MEXICO CITY (Reuters) - An independent Mexican commission said on Thursday it found serious flaws in an investigation into the apparent massacre of 43 students last year, dealing a fresh blow to President Enrique Pena Nieto over a scandal that has battered his administration.
The case became a symbol of impunity over disappearances and plunged Pena Nieto into his deepest crisis after the 43 trainee teachers were abducted and very likely murdered by a drug gang working with corrupt police in southwest Mexico last September.
A report by the National Human Rights Commission (CNDH) said the attorney general’s office, which has only identified the remains of one of the 43, still had not compiled basic information about the victims, who came from poor backgrounds.
Nor had it properly investigated 11 suspects in the case, the CNDH found.
The report adds to a list of woes for Pena Nieto’s government, which suffered major embarrassment this month when Mexico’s most notorious drug lord, Joaquin “El Chapo” Guzman, escaped from maximum security prison in a tunnel.
The mass disappearance in the city of Iguala “has proven the depth of barbarity ... the abandonment of the law and the neglect of justice” in Mexico, CNDH president Luis Raul Gonzalez said in a statement.
The attorney general’s office said the drug gang had mistakenly identified the students, who belonged to a college with a radical left-wing tradition, as a threat and had them killed after clashes in Iguala the night of Sept. 26.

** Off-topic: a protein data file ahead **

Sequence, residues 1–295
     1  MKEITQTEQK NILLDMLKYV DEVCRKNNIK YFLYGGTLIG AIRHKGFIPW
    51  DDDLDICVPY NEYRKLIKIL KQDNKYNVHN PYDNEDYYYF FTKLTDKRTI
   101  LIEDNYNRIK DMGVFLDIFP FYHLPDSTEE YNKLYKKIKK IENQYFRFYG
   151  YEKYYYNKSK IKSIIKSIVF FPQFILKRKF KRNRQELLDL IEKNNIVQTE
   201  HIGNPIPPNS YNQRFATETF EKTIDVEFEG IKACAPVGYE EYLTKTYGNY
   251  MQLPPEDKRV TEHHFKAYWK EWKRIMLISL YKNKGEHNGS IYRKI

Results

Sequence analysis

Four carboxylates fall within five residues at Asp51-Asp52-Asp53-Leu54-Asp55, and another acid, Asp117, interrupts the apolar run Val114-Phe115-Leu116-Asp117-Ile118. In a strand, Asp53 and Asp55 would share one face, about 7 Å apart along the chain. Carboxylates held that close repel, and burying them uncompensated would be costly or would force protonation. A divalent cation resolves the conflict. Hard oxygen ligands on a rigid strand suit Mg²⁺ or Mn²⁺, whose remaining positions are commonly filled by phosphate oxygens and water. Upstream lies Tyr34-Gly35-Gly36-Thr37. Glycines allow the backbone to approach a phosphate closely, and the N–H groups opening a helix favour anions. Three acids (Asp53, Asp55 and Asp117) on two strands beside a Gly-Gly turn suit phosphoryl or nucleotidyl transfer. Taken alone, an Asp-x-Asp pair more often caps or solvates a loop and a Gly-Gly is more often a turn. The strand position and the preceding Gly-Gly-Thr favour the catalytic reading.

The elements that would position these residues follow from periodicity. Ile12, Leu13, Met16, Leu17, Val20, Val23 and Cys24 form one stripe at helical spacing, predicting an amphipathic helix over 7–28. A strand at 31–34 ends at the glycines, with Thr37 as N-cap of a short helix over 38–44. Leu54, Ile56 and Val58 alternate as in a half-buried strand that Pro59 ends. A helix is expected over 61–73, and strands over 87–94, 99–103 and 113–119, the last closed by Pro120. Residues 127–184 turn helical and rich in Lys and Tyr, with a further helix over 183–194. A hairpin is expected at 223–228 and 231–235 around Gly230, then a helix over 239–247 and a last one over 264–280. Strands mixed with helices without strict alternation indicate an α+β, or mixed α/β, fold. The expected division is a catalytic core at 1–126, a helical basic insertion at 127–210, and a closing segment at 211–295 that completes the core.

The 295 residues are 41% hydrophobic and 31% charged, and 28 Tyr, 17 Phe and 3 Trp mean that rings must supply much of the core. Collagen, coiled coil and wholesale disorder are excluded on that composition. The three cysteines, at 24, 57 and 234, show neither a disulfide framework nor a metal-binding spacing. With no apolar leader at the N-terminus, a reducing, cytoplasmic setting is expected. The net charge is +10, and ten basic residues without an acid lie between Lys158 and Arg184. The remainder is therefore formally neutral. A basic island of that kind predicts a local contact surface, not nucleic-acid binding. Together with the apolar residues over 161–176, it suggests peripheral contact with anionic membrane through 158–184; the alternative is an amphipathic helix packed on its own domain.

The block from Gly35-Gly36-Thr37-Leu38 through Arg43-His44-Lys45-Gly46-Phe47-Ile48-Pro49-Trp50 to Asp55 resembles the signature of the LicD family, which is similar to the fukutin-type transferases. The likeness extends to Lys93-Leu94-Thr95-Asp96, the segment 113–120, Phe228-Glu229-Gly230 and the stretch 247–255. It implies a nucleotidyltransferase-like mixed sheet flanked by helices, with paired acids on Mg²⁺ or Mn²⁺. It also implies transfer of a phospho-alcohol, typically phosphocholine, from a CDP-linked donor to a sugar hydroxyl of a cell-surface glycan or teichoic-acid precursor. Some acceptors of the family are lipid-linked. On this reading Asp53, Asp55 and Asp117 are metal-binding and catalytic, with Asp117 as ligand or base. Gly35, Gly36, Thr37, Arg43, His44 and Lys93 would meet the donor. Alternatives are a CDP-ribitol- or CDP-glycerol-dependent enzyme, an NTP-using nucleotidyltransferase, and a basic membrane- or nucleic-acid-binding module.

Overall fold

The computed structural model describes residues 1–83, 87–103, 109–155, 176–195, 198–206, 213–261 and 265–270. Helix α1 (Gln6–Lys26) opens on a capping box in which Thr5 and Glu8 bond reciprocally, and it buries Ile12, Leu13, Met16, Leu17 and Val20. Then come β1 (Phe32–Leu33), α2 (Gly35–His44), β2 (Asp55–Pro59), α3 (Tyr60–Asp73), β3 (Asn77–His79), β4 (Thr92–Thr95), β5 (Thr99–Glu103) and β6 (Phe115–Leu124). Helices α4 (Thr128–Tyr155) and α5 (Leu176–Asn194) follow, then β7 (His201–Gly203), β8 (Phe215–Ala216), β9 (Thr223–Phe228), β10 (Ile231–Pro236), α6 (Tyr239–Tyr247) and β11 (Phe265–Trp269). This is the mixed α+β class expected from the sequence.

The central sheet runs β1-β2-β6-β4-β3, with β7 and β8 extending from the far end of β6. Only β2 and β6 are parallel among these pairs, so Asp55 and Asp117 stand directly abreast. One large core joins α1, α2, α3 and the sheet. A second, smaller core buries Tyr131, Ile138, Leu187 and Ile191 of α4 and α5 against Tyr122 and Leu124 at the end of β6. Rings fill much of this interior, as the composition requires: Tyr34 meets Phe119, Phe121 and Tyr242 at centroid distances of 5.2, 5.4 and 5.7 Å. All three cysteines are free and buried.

Afterwards, their remains were incinerated, ground up and tossed in a river, the government determined. Tests identified the remains of one victim in December.
But the remaining families are still waiting for conclusive proof about the fate of their loved-ones.
A United Nations watchdog this year said the case was just one of thousands of “disappearances” carried out with the apparent complicity of security forces.
In the Iguala probe, the CNDH denounced the use of arbitrary detentions and torture to obtain confessions in the case, and criticized the lack of testimony from people involved.
The commission also complained that prosecutors had only used statements from 36 soldiers, instead of interviewing everyone who had been in the area. Iguala is home to a barracks, and questions have been raised about the army’s failure to help.
Jose Trinidad Larrieta, the CNDH commissioner on the case, urged prosecutors to widen the investigation.
Writing by Anna Yukhananov; Editing by Dave Graham and Ken Wills